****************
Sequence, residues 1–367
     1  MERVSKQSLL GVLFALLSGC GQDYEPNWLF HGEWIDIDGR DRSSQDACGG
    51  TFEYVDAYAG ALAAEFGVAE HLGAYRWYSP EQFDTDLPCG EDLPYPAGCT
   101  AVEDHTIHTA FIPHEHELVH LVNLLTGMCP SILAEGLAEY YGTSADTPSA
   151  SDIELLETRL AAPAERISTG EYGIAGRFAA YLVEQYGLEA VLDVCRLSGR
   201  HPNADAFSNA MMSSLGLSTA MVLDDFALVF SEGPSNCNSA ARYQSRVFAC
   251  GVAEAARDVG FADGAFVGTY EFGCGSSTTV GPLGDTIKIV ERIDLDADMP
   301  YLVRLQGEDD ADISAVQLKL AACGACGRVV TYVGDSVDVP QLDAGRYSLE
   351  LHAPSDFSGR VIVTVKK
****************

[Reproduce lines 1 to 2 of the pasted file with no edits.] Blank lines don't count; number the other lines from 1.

Sequence, residues 1–367
     1  MERVSKQSLL GVLFALLSGC GQDYEPNWLF HGEWIDIDGR DRSSQDACGG